Church Growth Resistance #2: Does Your Church Have A Painful Past?

And can digging up the past help a church move forward?


Josephine can’t seem to get over her previous relationship where she was suddenly dumped. Even though she is currently dating, she fears being rejected again if she moves deeper into this relationship. Thus, she has decided to break off this current relationship. “It’s better to dump than to be dumped” she thinks.

Just as past hurts can prevent individuals from moving forward meaningfully in future relationships, I have observed how a painful memory can be a strong hindrance to a church’s embarking on change, even when the benefits are obvious. This pull-back effect of painful past may play out in some of the following ways:

Scenario 1:

Pastor Tom’s leaders are convicted about winning the church’s surrounding community to Christ. However, he is puzzled by the reluctance of certain key individuals to plan and set goals. When he probed further, he realizes that some members had experienced significant hurt & conflict in the past from a leader who had excessively pushed them to reach outreach targets

Scenario 2:

Pastor John has a team of capable and enthusiastic lay leaders. They are committed and have spoken about serving God with their whole lives! But when he challenges them to consider serving in church, few are willing to consider it, despite the need. As Pastor John spends more time querying about the past, he learns that a significant number of full time church staff had terminated their services in the past after encountering differences with the leadership. John’s team of current leaders are enthusiastic but perceive that they’re more likely to get badly hurt if they go full-time.These scenarios exemplify how hurt in the past can pull-back and prevent people from moving positively into the future.

Factors contributing to a  “pull-back effect” of painful memories 

  • Marked Differences

Strong personalities within the church may have different opinions on theological issues or church practices. These opinions are important and may be needed at different times, but can also trigger conflict if not handled well.

  • Poor Conflict Management

A negative pattern of negotiation and conflict resolution, especially by a leader, may lead to feelings of mistrust or betrayal among members. Policies may have been imposed but were not well received, and, as a result, certain groups of members may have left the church.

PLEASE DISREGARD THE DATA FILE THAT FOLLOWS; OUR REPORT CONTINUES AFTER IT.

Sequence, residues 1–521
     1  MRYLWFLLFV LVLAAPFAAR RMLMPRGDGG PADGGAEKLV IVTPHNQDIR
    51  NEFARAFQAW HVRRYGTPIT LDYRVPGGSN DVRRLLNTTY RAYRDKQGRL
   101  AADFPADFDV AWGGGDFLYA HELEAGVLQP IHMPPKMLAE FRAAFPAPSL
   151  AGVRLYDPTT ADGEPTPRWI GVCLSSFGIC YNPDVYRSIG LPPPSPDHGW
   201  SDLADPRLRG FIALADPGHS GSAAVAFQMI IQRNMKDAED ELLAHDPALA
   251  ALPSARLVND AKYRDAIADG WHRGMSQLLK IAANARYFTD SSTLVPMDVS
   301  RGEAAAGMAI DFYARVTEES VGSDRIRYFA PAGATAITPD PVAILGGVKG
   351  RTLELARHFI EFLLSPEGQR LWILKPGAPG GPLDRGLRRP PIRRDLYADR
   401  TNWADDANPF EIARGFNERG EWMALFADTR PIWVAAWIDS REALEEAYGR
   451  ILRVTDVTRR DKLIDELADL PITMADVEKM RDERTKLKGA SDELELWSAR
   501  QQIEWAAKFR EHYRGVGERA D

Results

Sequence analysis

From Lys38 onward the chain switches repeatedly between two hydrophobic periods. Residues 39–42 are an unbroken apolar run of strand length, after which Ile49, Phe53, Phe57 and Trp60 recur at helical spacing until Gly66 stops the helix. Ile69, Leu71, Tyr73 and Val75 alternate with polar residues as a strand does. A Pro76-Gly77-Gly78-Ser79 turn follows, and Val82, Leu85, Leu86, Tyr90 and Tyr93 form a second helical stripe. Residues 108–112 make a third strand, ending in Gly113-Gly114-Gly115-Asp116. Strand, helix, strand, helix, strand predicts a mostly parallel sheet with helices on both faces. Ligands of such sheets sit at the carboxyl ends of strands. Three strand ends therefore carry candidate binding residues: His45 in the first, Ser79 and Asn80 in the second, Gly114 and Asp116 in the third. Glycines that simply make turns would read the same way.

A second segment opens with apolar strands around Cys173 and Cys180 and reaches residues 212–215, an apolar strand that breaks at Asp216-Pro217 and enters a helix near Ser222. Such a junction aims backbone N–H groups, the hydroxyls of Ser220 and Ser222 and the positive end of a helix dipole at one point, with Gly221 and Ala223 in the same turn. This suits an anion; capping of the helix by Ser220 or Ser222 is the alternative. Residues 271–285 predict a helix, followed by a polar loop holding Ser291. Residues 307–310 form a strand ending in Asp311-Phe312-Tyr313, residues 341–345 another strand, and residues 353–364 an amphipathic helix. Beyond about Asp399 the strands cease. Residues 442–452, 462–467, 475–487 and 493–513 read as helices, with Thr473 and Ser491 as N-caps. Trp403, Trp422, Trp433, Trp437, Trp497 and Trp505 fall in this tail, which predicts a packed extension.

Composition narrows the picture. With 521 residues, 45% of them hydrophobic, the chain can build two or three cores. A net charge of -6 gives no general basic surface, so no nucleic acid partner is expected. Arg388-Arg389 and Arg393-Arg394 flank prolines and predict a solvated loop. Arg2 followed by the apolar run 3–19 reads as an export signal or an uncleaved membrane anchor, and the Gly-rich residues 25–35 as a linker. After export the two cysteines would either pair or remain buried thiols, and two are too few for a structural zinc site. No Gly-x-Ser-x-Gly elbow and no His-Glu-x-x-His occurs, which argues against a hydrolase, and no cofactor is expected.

• Growth-Limiting Convictions

To make sense of the past and prevent future hurt, members draw conclusions and take personal postures to protect themselves. This may not necessarily be in the best interest of the growth of the church.

“A church had a deep theological split many years ago relating to spiritual gifts. The extent of hurt was very different for different persons. Some came out fearing and resisting the Holy Spirit, which they did not even realize. Some came out resisting change totally. Some became very wary of leaders asserting their influence. Some came out sad and disillusioned, and have even left the church or the faith!” (Ps Beh S.Y.)

Helping Your Church To Navigate This Effect

Do not lose heart! As we partner with God to bring healing to a community, it may turn out be a defining growth opportunity for the church. Here are some ways to address painful memories for your consideration:

  • Patience, patience, patience…

Be patient and be willing to put aside hopes for corporate goals to work at the core issues involved. Take time to understand how these hurts arose and what impact they made.  Wait for the right time for the right champion / right healing / right window for that breakthrough the church needs to move towards new goals.

  • Create multiple opportunities for dialogue and prayer

Make private visits with those who are hurting simply to listen to their stories. This exhibits love, concern, understanding and empathy. Eventually, a good talk, visiting of issues, and having a good cry are all valid ways of bringing a closure to the past.

  • Be ready to apologize and affirm

An apology for mistakes made, even if done in-proxy for past leaders, can significantly help the community to heal. Affirmation and encouragement help to bond relationships in the present and create unity. This readies the community to move forward together.

  • Learn together before implementing change

I remember guiding a church that was very cautious about things of the Holy Spirit. Leaders came together to learn and read more about the topic and frank questions and concerns were shared. This built relationships and created openness for the church to foray into this new arena.

Hear what other Pastors and Leaders say

“It is important for people to deal with blind-spots, but it first begins with the leader. Taking the initiative to humble ourselves before other leaders, to admit our unbalanced views and prejudices against others goes a long way to bring a healing process.” (Rev. Keith Lai, Covenant Presbyterian Church Singapore)

Rev. Keith Lai

“Painful memories may not necessarily be bad as they are also part of the normal human learning process: our experiences shape us.” (Rev. Daniel Wee, Church Of Our Saviour)

Rev. Daniel Wee


What Do You Think?

What other factors contribute to this pull-back effect? How has your church failed or succeeded in navigating this effect in the past?

Share your thoughts and let me know how this post has helped you[1].

We will be blessing 5 readers of the blog with Ps Philip’s upcoming book so leave a comment below and we will be in touch with you!

[1] Please note that comments submitted, if helpful & edifying, may be integrated into a future book for the resourcing of churches

Rev. Dr. Philip Huan is the Principal Consultant at ChurchLife Resources, and is passionate about helping churches and leaders become strong and healthy!

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